Shooting from lip, court, Kansas' Walters connects Outspoken guard answers challenge

March 31, 1993|By Don Markus | Don Markus,Staff Writer

There have been many stops along the way for Rex Walters, many different people who questioned his attitude, many others simply not wanting to deal with his arrogance.

First, it was his junior high coach back in San Jose, Calif., telling Walters that he'd never play high school ball. Or the high school coach who wondered whether Walters was too driven. And, finally, it was Dick Vitale telling Walters what a mistake he had made leaving Northwestern after two years to go to Kansas.

"Maybe I do have a chip on my shoulder," Walters said last week. "When people say I can't do something, then I want to go out and prove them wrong."

Walters and Kansas have proved the critics wrong since the start of this year's NCAA tournament. They have silenced CBS analyst Mike Francesa, who picked the Jayhawks to lose to Ball State in the opening round of the Midwest Regional. Then it was everyone else picking Kansas to lose in St. Louis, first to Cal in the semifinals and then to top-seeded Indiana in the final.

And every step along the road to New Orleans for this week's Final Four, where Kansas (28-6) will meet North Carolina (32-4) on Saturday at the Superdome, Walters and his teammates had an answer. While most of the Jayhawks have gone about their business quietly, Walters has not. It never has been his nature to keep things to himself, on or off the court.

"He's a big-time trash talker," said fellow senior Adonis Jordan, who shares the backcourt with Walters. "But if another player says something to Rex, I'll tell him, 'Now, don't get him started.' He's like the Incredible Hulk. He'll explode."

After Francesa's remarks reached Walters before his team's first game at the Rosemont Horizon two weeks ago, the Kansas guard took charge on the court by hitting all six of his three-point shots, scoring 23 points and then saying in the news conference later: "I don't think Mike Francesa has ever played ball, judging by his physique."

Looking at Walters, it is surprising that none of the traditional college basketball powers took a chance on him coming out of bTC high school. Recruited mostly by a few smaller California schools, as well as Northwestern, Walters opted for a chance to play in the Big Ten. Or, to be more precise, at the bottom of the prestigious league.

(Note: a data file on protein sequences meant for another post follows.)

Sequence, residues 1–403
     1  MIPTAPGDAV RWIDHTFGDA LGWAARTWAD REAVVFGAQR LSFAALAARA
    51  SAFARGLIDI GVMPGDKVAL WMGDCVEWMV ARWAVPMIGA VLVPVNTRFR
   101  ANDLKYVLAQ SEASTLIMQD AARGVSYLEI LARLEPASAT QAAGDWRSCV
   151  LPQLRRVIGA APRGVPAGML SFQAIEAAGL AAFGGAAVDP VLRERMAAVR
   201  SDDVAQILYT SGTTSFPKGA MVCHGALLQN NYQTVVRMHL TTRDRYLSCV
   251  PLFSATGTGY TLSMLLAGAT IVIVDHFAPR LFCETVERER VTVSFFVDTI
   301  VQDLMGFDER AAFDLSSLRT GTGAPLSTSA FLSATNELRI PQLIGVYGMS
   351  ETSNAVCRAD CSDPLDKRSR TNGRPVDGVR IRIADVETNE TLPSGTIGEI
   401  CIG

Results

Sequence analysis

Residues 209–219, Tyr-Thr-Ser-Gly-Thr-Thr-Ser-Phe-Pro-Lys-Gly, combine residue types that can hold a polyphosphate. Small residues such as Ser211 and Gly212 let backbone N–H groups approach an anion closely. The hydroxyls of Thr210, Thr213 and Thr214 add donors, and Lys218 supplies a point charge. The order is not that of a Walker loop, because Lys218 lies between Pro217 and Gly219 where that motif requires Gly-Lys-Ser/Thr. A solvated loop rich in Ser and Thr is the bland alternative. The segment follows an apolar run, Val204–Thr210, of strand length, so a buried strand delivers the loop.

Asked why he wasn't considered a blue-chip talent coming out of high school, Walters said: "I didn't look like one. I was very skinny. I was very emotional. Coaches perceived that as a guy with an attitude."

Said Norm Friborg, a guidance counselor who was Walters' coach at Piedmont Hills High School: "I want my kids to keep life in balance. I was concerned his life was a little out of balance. I want them to have fun. I didn't always see him having fun."

Going to Northwestern turned out to be a decision Walters regretted. Though he averaged more than 17 points and was named second-team all-conference as a sophomore, Walters got tired of the losing. The Wildcats were 9-19 in both years and won only four of 36 Big Ten games.

When Walters put out word that he was thinking about transferring, not many college coaches put in calls to Evanston, Ill. But Roy Williams, who had lost a number of recruits when he inherited a one-year NCAA sanction from predecessor Larry Brown, was not in position to turn down a 6-foot-4 shooting guard with major-college experience.

"At that point, we needed anybody who wanted to come," said Williams. "And Rex was better than just about anybody we were talking to."

It wasn't exactly a smooth transition for coach or player. In his years as an assistant at North Carolina, Williams was used to dealing with players who put the team's system ahead of their stats. Walters was used to expending most of his energy on offense.

"He was pretty much accepted by his teammates because we were on him so much in practice, it meant that we weren't on them as much," Williams recalled. "I was on his case to change his thinking about the importance of shot selection and playing good defense. But the one thing I learned about Rex is how competitive he is. He really wants to win."

Said senior center Eric Pauley: "Rex is by far the most competitive person I've been around."

It's not only in basketball. Jordan tells the story of rooming with Walters last year, of each wanting to work the remote control on the television in their dorm suite. After several arguments, they finally agreed that the first one home after practice would get the clicker.

"You never saw guys shower so fast," said Jordan, who doesn't room with Walters anymore.

Said Walters: "I've always been very competitive, ever since I was a little kid. Sometimes, my mouth gets me in trouble, but that's the way I am. The Northwestern experience was very frustrating, especially for a player who wants to win so badly. At Kansas, it's a totally different mind-set. These guys know if they play, they're going to win."

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